This year, like every year, brought changes to the Mamapalooza Festival landscape. New artists appeared like Ruth Cassie, all the way from Toronto, The Silly Dilly Band and Meg’s Melodies along with some old favorites like the Swingset Mamas and Moey’s Music Party, who kicked in great energy and vibes.
Festivals across the country, in cities like Columbus, Ohio and Pleasanton, CA found themselves in new larger venues, while we saw seven successful years in partnership with Westchester NY Parks Dept. come to a close –This year’s Kensico Dam event completed a great run after changes to the Westchester Office For Women and budget issues forced us to decide this year would be our last in that location.
While ‘change is good’, I often find it challenging to adapt to new roles gracefully, so I am the one lumbering, jerking and twitching towards fresh goals and destinations. (or, hula-hooping – see photo)
Some of the most recent developments in Mama-Land include forward-focus on the Museum Of Motherhood and a commitment to a physical location for exhibits and programming in NYC in 2011. It will be my job to slowly morph from Mamapalooza maven into a more active role as Executive Director of M.O.M., which has been a tandem activity anyway for the last three or four years.
Lynn Kuechle, Director of Programming for M.O.M. has already started planning for a fall conference on ‘Creativity and Motherhood’ in Minnesota, October 26-28, on the heels of our most successful conference to date at Marymount Manhattan College May 23-25 in NYC, and our goals will include two M.O.M. conferences a year moving forward.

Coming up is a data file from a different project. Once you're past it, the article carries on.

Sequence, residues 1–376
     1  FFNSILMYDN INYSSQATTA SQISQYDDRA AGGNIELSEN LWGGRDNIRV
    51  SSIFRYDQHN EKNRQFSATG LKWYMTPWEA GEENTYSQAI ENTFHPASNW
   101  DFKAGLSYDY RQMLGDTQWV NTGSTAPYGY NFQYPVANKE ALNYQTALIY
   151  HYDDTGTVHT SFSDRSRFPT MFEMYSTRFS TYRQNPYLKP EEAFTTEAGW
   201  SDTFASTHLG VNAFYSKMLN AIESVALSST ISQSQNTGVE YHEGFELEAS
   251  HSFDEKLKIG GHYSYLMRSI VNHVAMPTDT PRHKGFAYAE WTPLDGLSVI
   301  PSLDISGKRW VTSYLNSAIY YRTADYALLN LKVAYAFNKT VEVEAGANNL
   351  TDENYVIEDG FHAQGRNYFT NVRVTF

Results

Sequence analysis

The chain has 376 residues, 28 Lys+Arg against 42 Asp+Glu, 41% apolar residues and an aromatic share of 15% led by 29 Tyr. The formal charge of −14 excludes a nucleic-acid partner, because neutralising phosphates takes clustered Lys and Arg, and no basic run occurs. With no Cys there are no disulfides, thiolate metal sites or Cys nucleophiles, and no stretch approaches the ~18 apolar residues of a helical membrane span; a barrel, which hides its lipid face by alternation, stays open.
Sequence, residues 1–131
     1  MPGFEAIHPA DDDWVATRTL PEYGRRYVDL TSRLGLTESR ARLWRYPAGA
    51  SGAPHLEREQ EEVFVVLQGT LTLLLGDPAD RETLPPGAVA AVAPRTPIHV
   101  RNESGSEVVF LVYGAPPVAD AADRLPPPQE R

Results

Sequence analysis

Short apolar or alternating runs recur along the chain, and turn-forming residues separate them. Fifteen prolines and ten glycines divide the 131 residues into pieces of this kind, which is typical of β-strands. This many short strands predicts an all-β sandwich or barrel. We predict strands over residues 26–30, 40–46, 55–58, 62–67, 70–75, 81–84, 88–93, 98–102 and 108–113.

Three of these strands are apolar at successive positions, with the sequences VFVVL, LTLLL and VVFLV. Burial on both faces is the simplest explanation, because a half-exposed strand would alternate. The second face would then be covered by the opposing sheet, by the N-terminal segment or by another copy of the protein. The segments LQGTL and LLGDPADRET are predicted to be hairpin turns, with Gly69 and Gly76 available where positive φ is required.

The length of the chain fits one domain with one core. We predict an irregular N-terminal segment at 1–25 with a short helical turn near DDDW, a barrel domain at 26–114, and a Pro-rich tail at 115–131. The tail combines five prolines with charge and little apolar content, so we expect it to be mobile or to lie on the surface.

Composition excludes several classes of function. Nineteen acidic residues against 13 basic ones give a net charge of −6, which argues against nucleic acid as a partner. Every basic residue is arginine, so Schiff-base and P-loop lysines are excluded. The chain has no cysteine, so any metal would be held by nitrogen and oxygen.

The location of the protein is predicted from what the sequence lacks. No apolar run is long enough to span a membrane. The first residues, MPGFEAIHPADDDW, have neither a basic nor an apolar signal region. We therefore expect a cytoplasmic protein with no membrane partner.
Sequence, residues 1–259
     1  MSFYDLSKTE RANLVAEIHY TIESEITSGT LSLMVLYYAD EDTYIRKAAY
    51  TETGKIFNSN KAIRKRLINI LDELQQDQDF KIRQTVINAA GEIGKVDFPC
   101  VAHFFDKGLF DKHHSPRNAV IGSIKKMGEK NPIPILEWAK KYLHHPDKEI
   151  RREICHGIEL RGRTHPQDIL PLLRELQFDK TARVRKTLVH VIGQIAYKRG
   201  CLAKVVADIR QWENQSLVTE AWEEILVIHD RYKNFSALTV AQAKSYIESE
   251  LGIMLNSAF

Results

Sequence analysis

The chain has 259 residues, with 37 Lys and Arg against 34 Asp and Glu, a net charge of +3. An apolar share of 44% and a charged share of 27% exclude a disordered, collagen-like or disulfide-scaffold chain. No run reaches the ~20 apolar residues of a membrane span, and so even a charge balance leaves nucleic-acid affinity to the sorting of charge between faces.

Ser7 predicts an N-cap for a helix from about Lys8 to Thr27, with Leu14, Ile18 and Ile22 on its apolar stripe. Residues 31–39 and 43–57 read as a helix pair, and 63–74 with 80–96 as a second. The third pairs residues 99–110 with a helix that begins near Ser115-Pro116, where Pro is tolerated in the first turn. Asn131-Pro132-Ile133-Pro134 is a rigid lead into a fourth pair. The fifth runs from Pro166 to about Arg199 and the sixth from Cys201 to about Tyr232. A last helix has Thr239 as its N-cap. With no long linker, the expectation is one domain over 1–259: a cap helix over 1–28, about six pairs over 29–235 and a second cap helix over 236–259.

There are so many people to thank with regard to this year’s Mamapalooza and M.O.M. events. The performers, emcees, exhibitors, sponsors and members of our immediate Mama-Family, like Laura Tropp of MMU, Paula Caracappa of PPC Group, Carol Lester and
Pilley Bianchi of MamaPUBlooza music publishing who pushed through a Compilation Kids CD at record speed (See ‘Player’ to listen, bottom of Mamapalooza homepage) with Plum District as a partner and my ever-constant comrades Suzanne Dawson, Stephanie Schleicher and Amy Andrews.
One of the most significant things I noticed this year as I traveled from event to event and program to program, was the presence of children not only as festival goers, but as conference participants; sometimes swaddled, breast feeding or sweetly in tow – as stage performers singing back-up, sharing embraces or playing instruments with their families on stage and, as in the case of my three college age sons, and high school daughter, contributors who facilitated transportation, set-up and general help.
To me this is the core of everything we do; Creating an environment for families to not only enjoy each other, but to encourage ongoing dialogue about motherhood, family dynamics, feminism, education and so much more. Passing the torch to the next generation so they see first hand the passion we bring to our individual and collective voice(s), while including them and encouraging them to participate in our endeavors exposes them to a lasting legacy of empowerment and support. Ultimately, for ourselves, and our children, our future belongs to feminist family values and a sense that ‘the family who plays together, stays together’. That is our greatest and most lasting success.